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Allocasuarina distyla

female tree
click to enlarge
female cones

foliage with male flowers

Shrubby She-oak

Allocasuarina distyla (Vent.) L.Johnson

Allocasuarina distyla (the Shrubby She-oak) usually grows to 2-3 meters in height, although in richer soils it can reach 7 metres tall. Typical of the Casuarinaceae family the foliage is made up of branchlets with ‘articles’ joined one on top of the other, and ‘teeth’ surrounding the distal end of each article. Branchlets grow to 35 cm long; articles are smooth, 10-20 mm long, 0.8-1.5 diameter, occasionally waxy, pubescent (or hairy) in the furrows. Plants have smooth bark and are dioecious, meaning that male and female flowers occur on separate trees. Flowering occurs mostly between July and September, although can be variable depending on rainfall events. Female flowers are red in colour and produce long-cylindrical cones often with a sterile apex up to 12 mm long. Male flowers form in spikes between 1.5 and 9 cm long and have 4.5-6.5 whorls per cm; each anther is 0.8-1.3 mm long.

Allocasuarina distyla distributionAllocasuarina distyla naturally occurs in tall heath and on sandstone ridge-tops in NSW from the south side of Port Stephens and Gospers Mountain, south to the ranges east of Cooma. There have also been collections made on the upper Genoa River in northeast Victoria.

To cultivate Allocasuarina distyla, collect mature unopened cones and place them in a paper bag for 3 to 4 days in hot dry weather, or longer in cool weather. Seeds drop into the bag and can be planted immediately or at any time of the year. Seeds should be planted with good soil at first, once established they can be planted into any soil type. Sandy soil is the least preferable as it increases susceptibility to insect attack. Adult plants need no extra watering but seedlings require water until they are a few feet tall. Fertilizer may be used but is not necessary because like wattles and members of the pea-family, Allocasuarina ‘fix’ atmospheric nitrogen through nodules on their roots, enriching impoverished soils.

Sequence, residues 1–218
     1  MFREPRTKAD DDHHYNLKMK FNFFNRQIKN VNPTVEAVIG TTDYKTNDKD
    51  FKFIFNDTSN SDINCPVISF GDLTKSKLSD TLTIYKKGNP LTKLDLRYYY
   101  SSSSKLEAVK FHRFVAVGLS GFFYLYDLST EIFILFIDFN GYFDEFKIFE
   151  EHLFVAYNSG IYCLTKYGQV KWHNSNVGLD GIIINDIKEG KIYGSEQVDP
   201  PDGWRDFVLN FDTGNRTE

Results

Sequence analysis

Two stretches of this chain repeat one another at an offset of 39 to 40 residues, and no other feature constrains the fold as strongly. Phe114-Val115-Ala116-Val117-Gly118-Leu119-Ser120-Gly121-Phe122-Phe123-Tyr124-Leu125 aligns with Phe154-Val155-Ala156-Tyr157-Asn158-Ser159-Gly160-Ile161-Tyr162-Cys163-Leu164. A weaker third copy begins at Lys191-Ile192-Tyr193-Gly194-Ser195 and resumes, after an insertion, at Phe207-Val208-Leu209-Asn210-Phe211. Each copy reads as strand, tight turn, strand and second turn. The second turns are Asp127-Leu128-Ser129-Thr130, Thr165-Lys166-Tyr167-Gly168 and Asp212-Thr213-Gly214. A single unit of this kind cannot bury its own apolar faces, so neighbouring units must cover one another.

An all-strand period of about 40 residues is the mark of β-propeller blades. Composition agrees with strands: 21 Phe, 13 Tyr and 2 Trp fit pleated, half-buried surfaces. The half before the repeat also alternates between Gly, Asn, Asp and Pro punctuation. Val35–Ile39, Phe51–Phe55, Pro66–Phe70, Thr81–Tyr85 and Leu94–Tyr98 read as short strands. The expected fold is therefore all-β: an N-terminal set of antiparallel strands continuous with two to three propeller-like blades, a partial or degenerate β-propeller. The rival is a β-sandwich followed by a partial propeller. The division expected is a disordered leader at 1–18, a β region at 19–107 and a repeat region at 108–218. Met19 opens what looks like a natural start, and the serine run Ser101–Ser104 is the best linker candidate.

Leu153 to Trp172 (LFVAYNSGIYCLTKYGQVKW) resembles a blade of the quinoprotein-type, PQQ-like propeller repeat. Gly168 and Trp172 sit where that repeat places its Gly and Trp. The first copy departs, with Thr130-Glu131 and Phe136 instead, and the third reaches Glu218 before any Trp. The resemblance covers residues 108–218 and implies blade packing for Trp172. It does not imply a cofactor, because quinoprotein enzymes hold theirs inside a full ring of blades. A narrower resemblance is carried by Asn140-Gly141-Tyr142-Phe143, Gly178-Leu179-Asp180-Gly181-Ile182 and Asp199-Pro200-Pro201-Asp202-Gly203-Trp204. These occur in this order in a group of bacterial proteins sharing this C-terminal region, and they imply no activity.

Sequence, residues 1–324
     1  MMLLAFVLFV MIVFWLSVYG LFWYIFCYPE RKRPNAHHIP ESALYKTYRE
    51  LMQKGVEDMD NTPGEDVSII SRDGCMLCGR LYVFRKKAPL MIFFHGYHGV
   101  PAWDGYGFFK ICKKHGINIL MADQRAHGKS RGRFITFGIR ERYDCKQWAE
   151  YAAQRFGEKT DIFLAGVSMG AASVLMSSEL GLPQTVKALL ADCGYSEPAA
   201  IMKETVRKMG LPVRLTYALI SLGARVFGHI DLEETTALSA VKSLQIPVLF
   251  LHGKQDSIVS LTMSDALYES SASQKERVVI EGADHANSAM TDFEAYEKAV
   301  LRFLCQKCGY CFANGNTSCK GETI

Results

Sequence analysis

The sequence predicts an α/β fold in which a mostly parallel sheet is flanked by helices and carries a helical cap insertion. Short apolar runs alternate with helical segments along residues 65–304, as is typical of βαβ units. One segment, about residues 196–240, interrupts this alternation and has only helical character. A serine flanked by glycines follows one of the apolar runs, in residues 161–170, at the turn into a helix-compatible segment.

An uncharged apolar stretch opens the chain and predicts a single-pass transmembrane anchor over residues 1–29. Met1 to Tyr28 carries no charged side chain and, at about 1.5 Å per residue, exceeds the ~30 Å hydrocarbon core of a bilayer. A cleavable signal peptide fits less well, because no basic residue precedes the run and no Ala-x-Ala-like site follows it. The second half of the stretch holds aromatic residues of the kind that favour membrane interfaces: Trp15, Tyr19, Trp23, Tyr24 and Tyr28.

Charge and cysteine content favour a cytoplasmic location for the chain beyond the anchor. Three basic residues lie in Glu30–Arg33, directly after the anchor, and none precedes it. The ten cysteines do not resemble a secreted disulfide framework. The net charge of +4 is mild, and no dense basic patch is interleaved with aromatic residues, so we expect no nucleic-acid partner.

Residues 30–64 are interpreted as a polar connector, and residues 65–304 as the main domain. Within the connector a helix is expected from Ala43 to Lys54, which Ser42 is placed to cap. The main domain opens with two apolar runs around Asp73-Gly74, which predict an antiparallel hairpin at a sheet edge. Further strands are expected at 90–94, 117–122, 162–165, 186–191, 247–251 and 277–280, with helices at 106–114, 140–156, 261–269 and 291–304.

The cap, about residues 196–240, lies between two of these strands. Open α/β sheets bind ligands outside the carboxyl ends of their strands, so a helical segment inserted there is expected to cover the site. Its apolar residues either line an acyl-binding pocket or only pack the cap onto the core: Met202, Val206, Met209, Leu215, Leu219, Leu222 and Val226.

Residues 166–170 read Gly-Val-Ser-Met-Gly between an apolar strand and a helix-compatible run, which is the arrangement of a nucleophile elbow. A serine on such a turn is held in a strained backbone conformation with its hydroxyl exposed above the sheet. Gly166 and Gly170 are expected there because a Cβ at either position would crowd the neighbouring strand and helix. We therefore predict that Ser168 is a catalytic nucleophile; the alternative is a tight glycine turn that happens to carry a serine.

Pruning plants can increase their strength. They can also sprout from basal epicormic buds, especially if conditions have been harsh and upper foliage has died. They are frost hardy, drought and salt tolerant, and are effected by very few parasites, the most notable being the scale insect.

Plants in the genus Allocasuarina are often planted to attract birds such as finches, lorikeets and cockatoos that build nests in the branches or feed on the flowers and seeds.

Allocasuarina distyla are desirable ornamental shrubs with interesting fruit seed pods and stunning flowers and foliage. More subtly, and of no less value, is the pleasant sound of wind breezing through the branchlets. They have an excellent value for use as screens or wind-breaks, and for this reason are planted as street trees in NSW. They are also beneficial in soil stabilisation and erosion control.

Allocasuarina distyla is a lovely, yet hardy shrub, very easy to propagate and care for and ideal for growing in poor soil and no-water gardens as it has excellent tolerance to drought and saline conditions. They are considered vulnerable (at risk of disappearing from the wild in 20-50 years) but are becoming more common as garden plants with commercial propagation already occurring at several nurseries in NSW and Victoria.

Text by Rainbo Dixon (2007 Botanical Intern)


Name Meaning: Allocasuarina distyla

Allocasuarina – ‘allos’ meaning ‘other’ (Greek) and ‘Casuarina’, the closely related genus from which Allocasuarina were split in 1982 which was named after the cassowary, Casuarius casuarius, in allusion to the supposed resemblance of the ‘foliage’ to the cassowary’s plume.

distyla – ‘di’ meaning ‘two’ (Greek) and ‘stylos’ meaning ‘column’ (Latin) refering to the style of the flower. Thus ‘distya’ refers to the bifid or split styles in the female flowers, a feature common to all species of Casuarinaceae.



Baines, J.A. 1981. Australian Plant Genera: An Etymological Dictionary of Australian Plant Genera, Society for Growing Australian Plants

Wrigley, J.W. & Fagg, M. 1996. Australian Native Plants; Propagation, Cultivation and Use in Landscaping. Fourth Edition, Reed New Holland

Australian Museum . 2005. Birds in Backyards. Available at [accessed February 2007]

Indigenous Landscape Design Australia. 1998. ‘ Slender, Graceful She-oaks’. Available at [accessed February 2007]

Wilson , K.L. & Johnson, L.A.S. 1989. Casuarinaceae in George, A.S. (ed.) Flora of Australia. Volume 3. Hamamelidales to Casuarinales, Australian Government Publishing service, Canberra

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